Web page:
Missouri has joined Kansas, Utah, Texas, and Wyoming in suggesting that it will pass legislation that would empower local law enforcement to arrest federal agents attempting to enforce a still un-passed federal ban on assault weapons.
State laws that purposefully contradict federal laws are unconstitutional, and federal officials are immune from state and federal prosecution for actions they take in carrying out their official duty. I've already explained the reasons behind that. But I find it worthwhile to once again note that going so far as to arrest federal agents who are just doing their jobs qualifies as armed insurrection, which is both secession and treason when practiced by a state.
Missouri's law sets itself apart from the others in how far it goes, covering things like ammunition and other firearms laws other than those involving assault weapons.
There are two things worth noting that I haven't talked about, and for good reason. First, all of these proposals are coming from Republicans in very conservative red states, which means these tantrums aren't really about the second amendment so much as they are an excuse for truly fringe politicians to act out their secessionist fantasies. I doubt that very many citizens want their states to wage war against America, least of all because it would bring their citizenship into question and make certain that the U.S. Constitution no longer applies to them, including the second amendment.
Second, the sheer breadth of Missouri's law places the state -- should the law pass -- roughly on the same level as the branch Davidian's in Waco, who also thought they had an unlimited right to their guns and turned those guns on their own government in order to keep them, murdering a handful of innocent ATF agents who were just doing their jobs by serving a lawful court-approved search warrant.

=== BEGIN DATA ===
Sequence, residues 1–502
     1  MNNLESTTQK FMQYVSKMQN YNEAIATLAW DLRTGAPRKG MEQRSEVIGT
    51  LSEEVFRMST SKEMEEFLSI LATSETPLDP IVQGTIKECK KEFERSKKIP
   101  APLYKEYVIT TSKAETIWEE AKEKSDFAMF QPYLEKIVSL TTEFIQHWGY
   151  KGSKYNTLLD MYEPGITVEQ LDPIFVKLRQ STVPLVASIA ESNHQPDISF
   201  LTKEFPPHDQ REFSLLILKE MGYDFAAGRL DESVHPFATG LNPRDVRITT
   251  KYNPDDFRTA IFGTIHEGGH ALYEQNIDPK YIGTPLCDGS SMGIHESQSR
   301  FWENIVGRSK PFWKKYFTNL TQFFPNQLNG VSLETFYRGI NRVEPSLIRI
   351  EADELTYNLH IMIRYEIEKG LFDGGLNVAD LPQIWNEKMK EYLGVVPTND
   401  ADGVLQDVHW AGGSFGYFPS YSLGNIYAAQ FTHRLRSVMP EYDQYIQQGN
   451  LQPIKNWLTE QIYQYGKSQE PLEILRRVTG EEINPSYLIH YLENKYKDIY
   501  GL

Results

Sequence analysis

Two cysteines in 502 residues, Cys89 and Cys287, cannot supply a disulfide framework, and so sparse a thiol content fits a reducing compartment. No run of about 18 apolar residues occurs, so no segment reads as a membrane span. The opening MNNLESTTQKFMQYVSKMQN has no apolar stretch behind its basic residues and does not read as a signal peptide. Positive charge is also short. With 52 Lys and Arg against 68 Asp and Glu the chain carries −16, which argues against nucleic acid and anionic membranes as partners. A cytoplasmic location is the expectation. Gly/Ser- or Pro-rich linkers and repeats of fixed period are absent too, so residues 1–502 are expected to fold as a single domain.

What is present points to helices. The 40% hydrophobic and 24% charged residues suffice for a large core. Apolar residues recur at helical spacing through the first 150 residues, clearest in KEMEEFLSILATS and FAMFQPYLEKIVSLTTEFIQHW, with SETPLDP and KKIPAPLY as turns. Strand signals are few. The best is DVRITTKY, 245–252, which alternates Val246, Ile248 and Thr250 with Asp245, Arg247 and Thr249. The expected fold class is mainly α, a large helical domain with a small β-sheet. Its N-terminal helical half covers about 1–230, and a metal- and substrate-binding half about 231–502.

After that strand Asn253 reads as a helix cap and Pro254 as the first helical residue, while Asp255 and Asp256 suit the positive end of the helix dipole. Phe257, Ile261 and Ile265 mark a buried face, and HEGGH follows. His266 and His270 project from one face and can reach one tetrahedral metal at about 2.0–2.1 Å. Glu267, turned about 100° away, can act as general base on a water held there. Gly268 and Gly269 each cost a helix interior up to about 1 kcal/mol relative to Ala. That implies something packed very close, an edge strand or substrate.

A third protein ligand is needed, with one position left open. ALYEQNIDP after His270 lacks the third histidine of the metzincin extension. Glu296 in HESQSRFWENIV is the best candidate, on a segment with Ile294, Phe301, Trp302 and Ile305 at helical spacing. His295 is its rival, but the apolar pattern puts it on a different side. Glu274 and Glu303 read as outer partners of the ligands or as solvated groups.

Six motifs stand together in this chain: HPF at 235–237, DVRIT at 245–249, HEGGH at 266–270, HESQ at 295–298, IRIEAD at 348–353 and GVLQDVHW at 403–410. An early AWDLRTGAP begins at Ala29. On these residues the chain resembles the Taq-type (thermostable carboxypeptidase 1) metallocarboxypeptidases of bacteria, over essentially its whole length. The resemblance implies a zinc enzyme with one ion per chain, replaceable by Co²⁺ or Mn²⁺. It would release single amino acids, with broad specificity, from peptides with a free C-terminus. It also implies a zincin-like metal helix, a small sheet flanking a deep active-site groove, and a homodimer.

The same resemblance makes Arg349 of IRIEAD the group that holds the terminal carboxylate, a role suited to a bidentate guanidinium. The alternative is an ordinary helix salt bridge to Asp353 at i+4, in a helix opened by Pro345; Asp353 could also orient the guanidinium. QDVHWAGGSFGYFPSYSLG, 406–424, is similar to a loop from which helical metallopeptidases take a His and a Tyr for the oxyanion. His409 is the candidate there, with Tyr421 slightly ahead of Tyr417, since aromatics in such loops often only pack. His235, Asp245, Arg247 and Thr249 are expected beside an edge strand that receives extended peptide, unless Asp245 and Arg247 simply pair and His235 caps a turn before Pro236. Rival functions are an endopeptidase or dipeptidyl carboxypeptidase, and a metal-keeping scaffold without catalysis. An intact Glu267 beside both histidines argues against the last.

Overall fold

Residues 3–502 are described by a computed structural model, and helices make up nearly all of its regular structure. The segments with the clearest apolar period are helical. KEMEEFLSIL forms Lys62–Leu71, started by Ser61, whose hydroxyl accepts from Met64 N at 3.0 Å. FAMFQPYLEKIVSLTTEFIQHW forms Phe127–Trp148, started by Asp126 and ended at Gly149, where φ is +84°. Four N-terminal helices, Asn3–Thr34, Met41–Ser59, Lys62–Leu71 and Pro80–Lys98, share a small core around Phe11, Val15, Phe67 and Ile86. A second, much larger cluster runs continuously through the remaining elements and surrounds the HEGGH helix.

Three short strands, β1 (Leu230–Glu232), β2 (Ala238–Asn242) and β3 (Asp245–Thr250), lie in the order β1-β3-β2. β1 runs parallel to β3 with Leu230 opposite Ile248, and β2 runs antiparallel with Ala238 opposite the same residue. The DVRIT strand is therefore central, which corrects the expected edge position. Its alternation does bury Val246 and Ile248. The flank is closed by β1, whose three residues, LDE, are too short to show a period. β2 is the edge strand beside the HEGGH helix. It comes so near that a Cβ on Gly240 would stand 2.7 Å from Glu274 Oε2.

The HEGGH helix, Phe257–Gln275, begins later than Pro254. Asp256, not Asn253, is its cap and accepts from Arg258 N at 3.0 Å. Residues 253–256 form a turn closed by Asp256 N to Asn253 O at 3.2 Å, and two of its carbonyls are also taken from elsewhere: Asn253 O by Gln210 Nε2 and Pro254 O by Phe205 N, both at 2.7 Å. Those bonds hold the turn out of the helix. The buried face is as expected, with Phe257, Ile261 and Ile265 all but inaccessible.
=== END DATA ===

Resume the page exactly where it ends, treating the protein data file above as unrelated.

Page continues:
The similarities between violent anti-government extremists like the Davidans, Freemen, and people like Randy Weaver, and Republicans pushing secessionist legislation in Utah, Wyoming, Texas, Kansas, and Missouri, are not a coincidence. What you've got brewing in those states are the result of elections like 2010 and before, that have seen previously shunned anti-government extremists on the fringes of society welcomed into the Republican Party as a means of gaining political power, in order to counterbalance an increasingly GOP-hostile United States where minorities are pushing the Democratic Party towards being a permanently dominant party in national politics here.
In other words, the right has resorted to absorbing so many people from the far right fringe in order to gain a foothold at the state and municipal level to counter Democratic dominance at the national level, that it's finally sucked up the lowest of the low from the bottom of the barrel. While Randy Weaver may not have been able to rise to the prominence of a presidential candidate, I have no doubt that people just like him are the ones pushing this secessionist legislation that is placing those five red states on a path towards civil war against America.
One would hope for the sake of us all that this is more talk than action.
It helps to remember that many polls have shown a majority of Americans want more regulations on guns. Not only are these five red states moving towards secession from America and the Constitution, they are flipping off a majority of the American people as well.
A reader questioned whether or not it was appropriate to throw Randy Weaver in with the rest as anti-government extremists. Weaver was more of an apocalypse believer and white nationalist, so that's a fair criticism. But all it did is remind me of anti-government *terrorist* Timothy McVeigh, who cited Ruby Ridge as one of the reasons he destroyed the federal building in Oklahoma.